New Nonfiction Titles
January 10, 2013 @ 12:20 pm Leave a comment
Here’s a sampling of what’s new in nonfiction. Click an image for availability.
Antarctica: An Intimate Portrait of a Mysterious Continent by Gabrielle Walker
Antarctica is the most alien place on the planet, the only part of the earth where humans could never survive unaided. Out of our fascination with it have come many books, most of which focus on only one aspect of its unique strangeness. None has managed to capture the whole story—until now.
Drawing on her broad travels across the continent, in Antarctica Gabrielle Walker weaves all the significant threads of life on the vast ice sheet into an intricate tapestry, illuminating what it really feels like to be there and why it draws so many different kinds of people. With her we witness cutting-edge science experiments, visit the South Pole, lodge with American, Italian, and French researchers, drive snowdozers, drill ice cores, and listen for the message Antarctica is sending us about our future in an age of global warming.
This is a thrilling trip to the farthest reaches of earth by one of the best science writers working today.
The Dude and the Zen Master by Jeff Bridges and Bernie Glassman
Zen master Bernie Glassman compares Jeff Bridges’s iconic role in The Big Lebowski to a Lamed-Vavnik: one of the men in Jewish mysticism who “are simple and unassuming, and so good that, on account of them, God lets the world go on.” His buddy Jeff puts it another way. The wonderful thing about the Dude, he says, is that he’d always rather hug it out than slug it out.
For more than a decade, Academy Award–winning actor Jeff Bridges and his Buddhist teacher, renowned Roshi Bernie Glassman, have been close friends. Inspiring and often hilarious, The Dude and the Zen Master captures their freewheeling dialogue about life, laughter, and the movies with a charm and bonhomie that never fail to enlighten and entertain. Throughout, their remarkable humanism reminds us of the importance of doing good in a difficult world.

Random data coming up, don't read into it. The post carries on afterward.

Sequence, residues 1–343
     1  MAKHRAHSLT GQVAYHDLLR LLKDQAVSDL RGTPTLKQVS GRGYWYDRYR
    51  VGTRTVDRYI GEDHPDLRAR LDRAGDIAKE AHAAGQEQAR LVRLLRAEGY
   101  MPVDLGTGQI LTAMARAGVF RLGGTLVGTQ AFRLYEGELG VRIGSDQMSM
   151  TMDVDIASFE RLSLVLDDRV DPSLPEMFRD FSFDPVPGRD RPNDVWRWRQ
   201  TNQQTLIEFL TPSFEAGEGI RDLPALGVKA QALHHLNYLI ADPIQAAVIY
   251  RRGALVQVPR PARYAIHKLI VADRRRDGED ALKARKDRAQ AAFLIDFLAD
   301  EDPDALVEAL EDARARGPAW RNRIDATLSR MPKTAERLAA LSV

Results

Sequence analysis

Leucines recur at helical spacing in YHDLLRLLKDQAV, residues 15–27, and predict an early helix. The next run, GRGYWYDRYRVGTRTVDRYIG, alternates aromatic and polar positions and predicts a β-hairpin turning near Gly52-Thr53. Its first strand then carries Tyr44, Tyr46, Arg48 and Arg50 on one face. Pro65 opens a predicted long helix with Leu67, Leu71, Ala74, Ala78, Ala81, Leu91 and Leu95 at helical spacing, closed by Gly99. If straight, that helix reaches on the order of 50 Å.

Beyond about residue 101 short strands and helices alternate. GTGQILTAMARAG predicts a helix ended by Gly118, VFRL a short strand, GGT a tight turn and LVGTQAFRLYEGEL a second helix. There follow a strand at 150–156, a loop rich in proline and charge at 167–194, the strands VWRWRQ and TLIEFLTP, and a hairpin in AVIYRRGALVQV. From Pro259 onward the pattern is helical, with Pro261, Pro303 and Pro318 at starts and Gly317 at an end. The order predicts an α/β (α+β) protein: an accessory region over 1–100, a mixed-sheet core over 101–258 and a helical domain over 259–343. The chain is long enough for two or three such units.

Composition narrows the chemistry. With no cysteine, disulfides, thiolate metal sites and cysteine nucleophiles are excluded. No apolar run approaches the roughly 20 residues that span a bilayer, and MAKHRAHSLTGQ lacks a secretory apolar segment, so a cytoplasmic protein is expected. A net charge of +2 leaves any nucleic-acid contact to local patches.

My Beloved World: A Memoir by Sonia Sotomayor
The first Hispanic and third woman appointed to the United States Supreme Court, Sonia Sotomayor has become an instant American icon. Now, with a candor and intimacy never undertaken by a sitting Justice, she recounts her life from a Bronx housing project to the federal bench, a journey that offers an inspiring testament to her own extraordinary determination and the power of believing in oneself.
Here is the story of a precarious childhood, with an alcoholic father (who would die when she was nine) and a devoted but overburdened mother, and of the refuge a little girl took from the turmoil at home with her passionately spirited paternal grandmother. But it was when she was diagnosed with juvenile diabetes that the precocious Sonia recognized she must ultimately depend on herself. She would learn to give herself the insulin shots she needed to survive and soon imagined a path to a different life. With only television characters for her professional role models, and little understanding of what was involved, she determined to become a lawyer, a dream that would sustain her on an unlikely course, from valedictorian of her high school class to the highest honors at Princeton, Yale Law School, the New York County District Attorney’s office, private practice, and appointment to the Federal District Court before the age of forty. Along the way we see how she was shaped by her invaluable mentors, a failed marriage, and the modern version of extended family she has created from cherished friends and their children. Through her still-astonished eyes, America’s infinite possibilities are envisioned anew in this warm and honest book, destined to become a classic of self-invention and self-discovery.